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The next set of surveys done by the Royal Engineers was in 1895 overseen by Lt Col Francis Mascall who was the Commander Royal Engineers (CRE) Plymouth Sub District. It was measured and drawn by Company Sergeant Major Fred Beale who was a draughtsman by trade. Whilst I can’t find an explicit reason for the survey by this time it was clear the Rifle Muzzle Loaded Guns on the Island both in the Casemates and at the Upper Battery were obsolete and would be replaced by new breech loading guns in the near future. The Survey would establish the current situation of the defences so the new gun emplacements and associated magazines could be planned. Cost as always was critical to what could be done so the designers would want to incorporate as much of the existing features as possible to keep the costs down. The other major technological advancement was searchlights which would provide another reason to survey the Island to site the searchlights where they would be best deployed to sight enemy raiders, small destroyers or torpedo boats, in the Sound. Within 6 years of the survey including the new Batteries were constructed which did incorporate some existing features plus new searchlight housings. These new defences did incorporate some existing features. The new breech loading guns and searchlights started arriving on the Island by 1899.

The Island as it would have looked around the time of the Survey

At the time 6th Company Western District Royal Artillery were providing the Garrison detachment on the Island and had their own Cricket team although their home pitch was in the Citadel. The Ordnance on the Island is shown as three 11 inch 25 ton Guns and two 12 inch 25 ton Guns forming the Upper Battery. These were the Guns that were buried on the Island when they became obsolete and were rediscovered by the Adventure Centre staff in the 1960’s. However they only found four of the Guns, what happened to the fifth remains a bit of a mystery. There is no record of it having been removed from the Island and although it may have been there is the intriguing possibility that it is still buried on the Island. There is only one Landing Place now indicated. It appears the older landing place at the entrance to the Island and Gun Wharf by the Casemates had now fallen into disuse. With the Iron Blast Shields now in place there would have been very restricted access to the main part of the Island from the Gun Wharf and it was specifically designed to get the guns on the Island anyway. Lighting would have still been via oil lamps and candles, heating from coal and kindling wood and water gleaned from rain water or shipped across from Royal William Yard.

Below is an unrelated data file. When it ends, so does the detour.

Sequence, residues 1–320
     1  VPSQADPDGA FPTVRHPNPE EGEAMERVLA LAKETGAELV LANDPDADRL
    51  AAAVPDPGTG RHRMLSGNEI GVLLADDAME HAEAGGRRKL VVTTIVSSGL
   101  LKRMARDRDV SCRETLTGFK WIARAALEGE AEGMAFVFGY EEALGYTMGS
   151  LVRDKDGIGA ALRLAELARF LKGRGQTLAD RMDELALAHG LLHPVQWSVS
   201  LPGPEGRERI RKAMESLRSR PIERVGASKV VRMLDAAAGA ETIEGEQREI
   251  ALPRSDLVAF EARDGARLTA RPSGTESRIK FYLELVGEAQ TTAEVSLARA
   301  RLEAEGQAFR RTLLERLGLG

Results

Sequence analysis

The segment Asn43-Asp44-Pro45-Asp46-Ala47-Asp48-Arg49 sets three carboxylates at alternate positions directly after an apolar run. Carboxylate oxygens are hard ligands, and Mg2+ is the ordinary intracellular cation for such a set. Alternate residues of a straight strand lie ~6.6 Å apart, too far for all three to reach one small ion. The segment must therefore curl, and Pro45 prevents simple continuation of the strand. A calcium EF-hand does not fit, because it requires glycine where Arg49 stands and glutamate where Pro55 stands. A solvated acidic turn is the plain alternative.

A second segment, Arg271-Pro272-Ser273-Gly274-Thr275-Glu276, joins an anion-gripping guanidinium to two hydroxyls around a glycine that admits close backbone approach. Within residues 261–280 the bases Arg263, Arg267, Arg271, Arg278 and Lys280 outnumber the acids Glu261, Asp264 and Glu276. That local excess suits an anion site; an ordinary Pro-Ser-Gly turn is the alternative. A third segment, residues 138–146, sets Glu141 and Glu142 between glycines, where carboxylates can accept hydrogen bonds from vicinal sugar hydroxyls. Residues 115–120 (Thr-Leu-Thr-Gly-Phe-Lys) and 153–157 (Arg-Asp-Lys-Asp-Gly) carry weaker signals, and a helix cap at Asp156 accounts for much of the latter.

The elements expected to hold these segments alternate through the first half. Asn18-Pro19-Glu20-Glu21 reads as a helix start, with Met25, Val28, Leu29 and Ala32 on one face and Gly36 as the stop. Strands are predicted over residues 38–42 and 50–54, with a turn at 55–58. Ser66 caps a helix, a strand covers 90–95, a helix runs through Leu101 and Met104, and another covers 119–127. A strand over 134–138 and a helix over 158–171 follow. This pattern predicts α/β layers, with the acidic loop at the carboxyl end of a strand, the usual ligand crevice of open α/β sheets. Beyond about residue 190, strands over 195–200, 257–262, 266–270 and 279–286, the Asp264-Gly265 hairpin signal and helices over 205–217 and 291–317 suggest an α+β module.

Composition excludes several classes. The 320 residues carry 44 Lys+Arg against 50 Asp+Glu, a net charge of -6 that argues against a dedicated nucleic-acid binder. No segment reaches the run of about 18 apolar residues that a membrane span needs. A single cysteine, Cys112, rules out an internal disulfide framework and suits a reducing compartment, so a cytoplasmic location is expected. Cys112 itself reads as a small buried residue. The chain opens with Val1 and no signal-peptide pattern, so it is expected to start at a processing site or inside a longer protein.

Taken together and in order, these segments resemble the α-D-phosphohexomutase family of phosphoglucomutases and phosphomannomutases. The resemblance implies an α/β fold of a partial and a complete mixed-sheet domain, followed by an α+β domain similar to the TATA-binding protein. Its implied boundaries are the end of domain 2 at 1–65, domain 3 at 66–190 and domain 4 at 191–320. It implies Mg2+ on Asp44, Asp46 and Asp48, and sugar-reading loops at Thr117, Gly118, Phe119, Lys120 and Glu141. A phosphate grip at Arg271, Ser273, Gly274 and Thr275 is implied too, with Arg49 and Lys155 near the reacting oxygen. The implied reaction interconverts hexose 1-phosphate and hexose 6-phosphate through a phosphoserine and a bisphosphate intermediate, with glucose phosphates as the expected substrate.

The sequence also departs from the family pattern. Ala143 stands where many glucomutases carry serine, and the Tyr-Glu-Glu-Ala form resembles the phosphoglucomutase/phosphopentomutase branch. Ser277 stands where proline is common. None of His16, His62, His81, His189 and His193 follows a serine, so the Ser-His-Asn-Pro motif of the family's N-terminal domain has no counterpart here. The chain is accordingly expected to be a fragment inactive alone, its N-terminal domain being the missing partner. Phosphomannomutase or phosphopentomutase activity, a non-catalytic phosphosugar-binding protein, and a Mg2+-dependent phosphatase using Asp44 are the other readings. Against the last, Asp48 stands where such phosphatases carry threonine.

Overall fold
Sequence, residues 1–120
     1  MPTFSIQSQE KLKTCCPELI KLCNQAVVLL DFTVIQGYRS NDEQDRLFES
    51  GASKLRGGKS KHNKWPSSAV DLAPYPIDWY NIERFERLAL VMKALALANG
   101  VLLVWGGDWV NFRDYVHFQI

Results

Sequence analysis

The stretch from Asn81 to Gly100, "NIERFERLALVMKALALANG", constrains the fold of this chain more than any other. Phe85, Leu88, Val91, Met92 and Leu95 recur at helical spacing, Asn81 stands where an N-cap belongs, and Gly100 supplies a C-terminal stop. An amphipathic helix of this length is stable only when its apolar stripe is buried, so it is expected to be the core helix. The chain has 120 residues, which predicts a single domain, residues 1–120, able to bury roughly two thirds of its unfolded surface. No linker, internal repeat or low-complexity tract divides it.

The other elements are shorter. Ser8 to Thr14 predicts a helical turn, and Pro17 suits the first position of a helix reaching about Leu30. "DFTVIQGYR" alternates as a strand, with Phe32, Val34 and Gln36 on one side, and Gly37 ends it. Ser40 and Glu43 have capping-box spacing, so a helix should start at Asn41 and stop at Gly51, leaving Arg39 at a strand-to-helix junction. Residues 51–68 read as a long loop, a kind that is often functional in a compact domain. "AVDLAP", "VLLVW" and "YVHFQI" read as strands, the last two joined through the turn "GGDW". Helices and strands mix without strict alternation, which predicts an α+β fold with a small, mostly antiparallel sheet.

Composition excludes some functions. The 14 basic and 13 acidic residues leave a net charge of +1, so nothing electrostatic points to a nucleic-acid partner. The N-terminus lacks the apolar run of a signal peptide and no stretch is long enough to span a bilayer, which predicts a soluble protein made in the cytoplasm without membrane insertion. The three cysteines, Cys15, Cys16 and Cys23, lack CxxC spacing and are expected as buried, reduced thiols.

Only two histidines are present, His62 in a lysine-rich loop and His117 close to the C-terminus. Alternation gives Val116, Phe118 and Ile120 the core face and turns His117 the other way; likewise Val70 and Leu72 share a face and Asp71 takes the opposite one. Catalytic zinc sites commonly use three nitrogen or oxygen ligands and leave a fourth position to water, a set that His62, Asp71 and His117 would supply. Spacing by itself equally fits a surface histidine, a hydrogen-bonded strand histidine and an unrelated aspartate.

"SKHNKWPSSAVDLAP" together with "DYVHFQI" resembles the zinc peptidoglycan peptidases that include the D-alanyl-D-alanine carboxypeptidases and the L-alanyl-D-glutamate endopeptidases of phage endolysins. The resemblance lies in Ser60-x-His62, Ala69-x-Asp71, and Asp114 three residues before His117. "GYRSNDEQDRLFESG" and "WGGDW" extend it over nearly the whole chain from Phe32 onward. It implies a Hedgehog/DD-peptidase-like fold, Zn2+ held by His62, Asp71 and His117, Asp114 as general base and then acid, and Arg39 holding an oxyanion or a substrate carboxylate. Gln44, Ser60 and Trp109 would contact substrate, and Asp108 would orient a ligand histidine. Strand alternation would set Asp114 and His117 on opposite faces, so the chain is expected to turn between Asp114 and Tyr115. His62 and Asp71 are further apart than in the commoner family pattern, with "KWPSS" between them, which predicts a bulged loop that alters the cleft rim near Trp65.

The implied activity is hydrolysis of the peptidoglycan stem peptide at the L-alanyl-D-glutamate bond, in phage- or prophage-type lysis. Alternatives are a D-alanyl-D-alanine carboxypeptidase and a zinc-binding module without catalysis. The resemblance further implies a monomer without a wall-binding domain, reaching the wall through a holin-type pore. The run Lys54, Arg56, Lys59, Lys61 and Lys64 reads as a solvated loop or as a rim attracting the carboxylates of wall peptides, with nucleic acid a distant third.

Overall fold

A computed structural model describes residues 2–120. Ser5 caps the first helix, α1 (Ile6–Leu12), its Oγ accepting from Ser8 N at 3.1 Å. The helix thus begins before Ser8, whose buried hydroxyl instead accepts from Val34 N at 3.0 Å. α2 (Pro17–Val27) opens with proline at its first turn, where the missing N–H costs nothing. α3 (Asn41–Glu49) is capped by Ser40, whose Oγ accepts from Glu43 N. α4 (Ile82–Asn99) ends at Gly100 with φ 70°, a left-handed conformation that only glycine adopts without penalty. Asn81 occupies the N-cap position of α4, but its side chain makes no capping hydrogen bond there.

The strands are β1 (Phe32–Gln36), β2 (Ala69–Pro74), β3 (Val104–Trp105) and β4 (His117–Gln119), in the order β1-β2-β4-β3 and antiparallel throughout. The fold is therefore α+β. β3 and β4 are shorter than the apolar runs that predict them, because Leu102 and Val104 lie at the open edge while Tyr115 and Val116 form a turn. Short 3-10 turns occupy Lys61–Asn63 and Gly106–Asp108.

The Survey of the Upper Battery clearly showing five 11 and 12 inch RML Guns deployed. However only four were found by the Adventure Training Staff
An old picture from around the time of the survey. Three of the guns of the Battery are visible, the first at what appears to be the foot of the flagpole but is actually further forward and another two to the right of that. The earth bulwarks covering the forward stores are the structures between the guns.
A single gun position of the Upper or Main Battery zoomed in
The current surviving gun position on the Island. The carriage was built to an original design but dates from the 1970’s.
Part of the graduated arc at the rear of the gun that still survives on the Island. It would have been used to aim the gun. A pointer would have hung off the rear of the carriage above the arc to accurately set the gun on the angle ordered.

The Casemated or lower Battery also has a bit of mystery attached to it. The 1895 report shows nine 9 inch 12 tons in place. However previously one report of 1886 indicated the Island had thirteen of the 9 inch guns in place but a subsequent report also of 1886 indicated only eleven of the casemates housed guns. It is quite possible that some of the guns were moved off the Island by 1895. We also know that in 1905 the guns were tipped onto the foreshore as they were obsolete. They were all visible at low tide however only seven guns were recovered by the Navy in 1942 as salvage for the war effort. The other two may well have been washed away by strong tides or gales, leaving the possibility that they are still on the bottom of the Sound somewhere or that they were removed earlier.